‘Beat bobbies’ facing cull as force counts cost of cuts

HUNDREDS of civilian ‘beat bobbies’ in Yorkshire are facing the axe as cash-strapped police bosses try to plug a £13.4m funding gap in staffing costs.

By The Newsroom
Thursday, 23rd July 2015, 6:00 am
Police and Crime Commissioner for West Yorkshire Mark Burns-Williamson.
Police and Crime Commissioner for West Yorkshire Mark Burns-Williamson.

West Yorkshire Police currently employs 612 PCSOs, across the five local authority areas, providing frontline assistance to uniformed officers.

A total of 248 cover Leeds, the largest single city cohort.

Wakefield employs 70; Kirklees 95; Calderdale 38 and Bradford 161.

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The PCSOs cost the taxpayer about £5m a year to run, with the police paying 80 per cent of the bill and local authorities 20 per cent.

In Leeds, the council currently co-funds 165 PCSO posts in the city - five for every one of the 33 wards - with West Yorkshire Police paying fully for 130 additional roles in the city centre.

But the force now has to find savings of £13.4m in staff costs over the next three years to help plug an overall £163m shortfall in Government funding. A recruitment freeze is already in place and The Yorkshire Post understands around 50 roles are currently unfilled.

The current funding - already supported by local level bailouts - runs out in March, and the Chancellor’s Autumn Statement is not expected to bring any good news.

There is also a lack of consensus among individual authorities – who contribute to an £85m precept pot for West Yorkshire Police – about the perceived effectiveness of the civilian teams.

Now one senior police officer has revealed that a “problematic conversation” is being had at force level about the question of “Should we have PCSOs at all?”,

Supt Sam Millar was speaking before an internal watchdog committee of Leeds City Council, which contributes £30m to the West Yorkshire Police precept.

She said: “Leeds is by far and away the most vocal supporter of PCSOs. So we are not having an easy conversation.

“The problematic conversation at force level is ‘should we have PCSOs at all?’

“The biggest threat to us is that we don’t have a consensus across the five districts.”

Mark Burns-Williamson, West Yorkshire’s Police and Crime Commissioner, said: “PCSOs play a very important role in helping to keep people safe and feeling safe and I remain as committed as ever to ensuring they remain a key part of the neighbourhood policing model.”

However he admitted that funding cuts and a lack of protection for Home Office departments including policing made it “virtually impossible” to maintain numbers.

The comments come just a day after another police chief said bobbies on the beat were “outdated”.

Nick Alston, the outgoing police and crime commissioner for Essex, said: “We need experienced detectives and investigations with better evidence. Bobbies on the beat don’t cut it and I don’t know if they ever did.”

West Yorkshire Police is facing cuts of £152million by 2016/17 and lost more than five per cent of it Government funding this year.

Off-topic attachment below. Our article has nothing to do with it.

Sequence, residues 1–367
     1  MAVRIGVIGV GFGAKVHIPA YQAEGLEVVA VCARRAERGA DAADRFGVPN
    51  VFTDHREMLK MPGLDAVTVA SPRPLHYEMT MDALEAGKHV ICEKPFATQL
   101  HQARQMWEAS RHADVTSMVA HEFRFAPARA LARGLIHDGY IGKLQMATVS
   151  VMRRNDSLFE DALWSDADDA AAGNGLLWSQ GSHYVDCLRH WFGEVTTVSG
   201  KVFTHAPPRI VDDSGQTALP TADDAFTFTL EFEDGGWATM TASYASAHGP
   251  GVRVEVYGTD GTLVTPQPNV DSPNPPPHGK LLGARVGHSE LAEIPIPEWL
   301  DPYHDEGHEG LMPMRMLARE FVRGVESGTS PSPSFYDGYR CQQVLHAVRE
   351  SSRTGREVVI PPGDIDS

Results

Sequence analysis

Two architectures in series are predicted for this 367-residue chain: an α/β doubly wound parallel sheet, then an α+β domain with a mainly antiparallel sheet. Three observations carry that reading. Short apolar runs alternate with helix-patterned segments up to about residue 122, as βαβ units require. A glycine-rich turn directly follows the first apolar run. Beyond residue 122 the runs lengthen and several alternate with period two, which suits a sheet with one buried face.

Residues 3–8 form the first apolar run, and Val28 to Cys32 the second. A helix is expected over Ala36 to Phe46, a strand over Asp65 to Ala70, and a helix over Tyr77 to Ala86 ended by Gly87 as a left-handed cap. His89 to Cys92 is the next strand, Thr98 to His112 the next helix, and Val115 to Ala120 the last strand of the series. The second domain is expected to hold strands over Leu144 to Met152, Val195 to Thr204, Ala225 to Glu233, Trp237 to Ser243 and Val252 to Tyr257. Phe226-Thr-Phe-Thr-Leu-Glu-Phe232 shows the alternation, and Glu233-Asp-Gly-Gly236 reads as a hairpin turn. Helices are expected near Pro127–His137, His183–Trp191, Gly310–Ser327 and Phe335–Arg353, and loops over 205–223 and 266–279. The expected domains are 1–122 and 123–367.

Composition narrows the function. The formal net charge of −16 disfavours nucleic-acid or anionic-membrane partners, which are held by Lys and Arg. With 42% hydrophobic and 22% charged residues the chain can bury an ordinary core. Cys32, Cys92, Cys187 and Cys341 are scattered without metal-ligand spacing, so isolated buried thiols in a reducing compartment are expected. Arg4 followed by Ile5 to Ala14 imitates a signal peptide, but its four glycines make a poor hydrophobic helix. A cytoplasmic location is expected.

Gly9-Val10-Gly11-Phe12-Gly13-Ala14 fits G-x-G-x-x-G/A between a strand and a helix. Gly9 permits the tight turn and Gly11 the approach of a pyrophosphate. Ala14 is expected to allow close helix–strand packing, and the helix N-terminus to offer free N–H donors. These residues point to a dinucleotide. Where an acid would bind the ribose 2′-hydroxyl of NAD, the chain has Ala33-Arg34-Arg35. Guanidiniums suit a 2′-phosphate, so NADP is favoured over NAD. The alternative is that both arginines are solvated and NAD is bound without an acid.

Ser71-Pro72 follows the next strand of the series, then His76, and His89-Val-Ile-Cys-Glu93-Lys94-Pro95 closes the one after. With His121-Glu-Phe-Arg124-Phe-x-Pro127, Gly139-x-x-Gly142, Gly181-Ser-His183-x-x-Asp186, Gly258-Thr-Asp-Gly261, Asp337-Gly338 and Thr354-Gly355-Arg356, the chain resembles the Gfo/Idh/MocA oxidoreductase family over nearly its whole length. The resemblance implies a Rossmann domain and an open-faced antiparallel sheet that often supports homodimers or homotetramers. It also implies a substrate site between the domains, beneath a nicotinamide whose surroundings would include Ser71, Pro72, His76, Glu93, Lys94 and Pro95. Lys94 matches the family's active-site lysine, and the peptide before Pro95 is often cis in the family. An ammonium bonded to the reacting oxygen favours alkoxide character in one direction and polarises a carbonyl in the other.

There had been hints of further cuts for PCSOs in the commissioner’s budget for 2015/16, which said “redundancies are likely to be required for both police staff and PCSOs as reductions will be needed over and above natural leavers in order to deliver the savings faster”.

It added that “given the scale of the deficit and the short time frame in which to deliver, the only options available are to reduce police recruitment, increase police staff leavers and PCSOs over the short and medium term”.

However councillor John Procter, of the main Conservative group on Leeds City Council, said it was “pretty much a revelation that there may be no PCSOs moving forward”.

The force is likely to lose 250 non-uniform staff and PCSOs by 2016 and 250 a year later. Numbers could be shaved further by 50 a year after that from 2018 until the books are balanced.

Mr Burns-Williamson added: “Despite severe cuts imposed by government which mean West Yorkshire Police’s budget will have reduced by 30 per cent by 2016/17, I have always done everything I can to protect neighbourhood policing, of which Police Community Support Officers play a key part.

“I am working closely with council leaders to secure matched funding. However, as we heard yesterday from the Chancellor, the Home Office as an ‘unprotected’ department, which includes policing, will potentially have to find up to another 40 per cent of cuts over the next four years.”

Councillor Mark Dobson, Leeds City Council’s executive board member with responsibility for Safer Leeds - a partnership with the police - also promised to “do our best to support PCSOs in Leeds as far as we can” but stressed this had to be considered in the context of “the constraints of our budgets”.

“We are very much committed to PCSOs and the invaluable contribution they make to communities, in particular how they help with keeping down anti-social behaviour,” he added.

“I expect Leeds to keep PCSOs although we will inevitably have to have discussions about the number and their role.

“Currently they are protected, thanks to a package of funding put together between us and West Yorkshire’s Police and Crime Commissioner, until the end of March 2016.”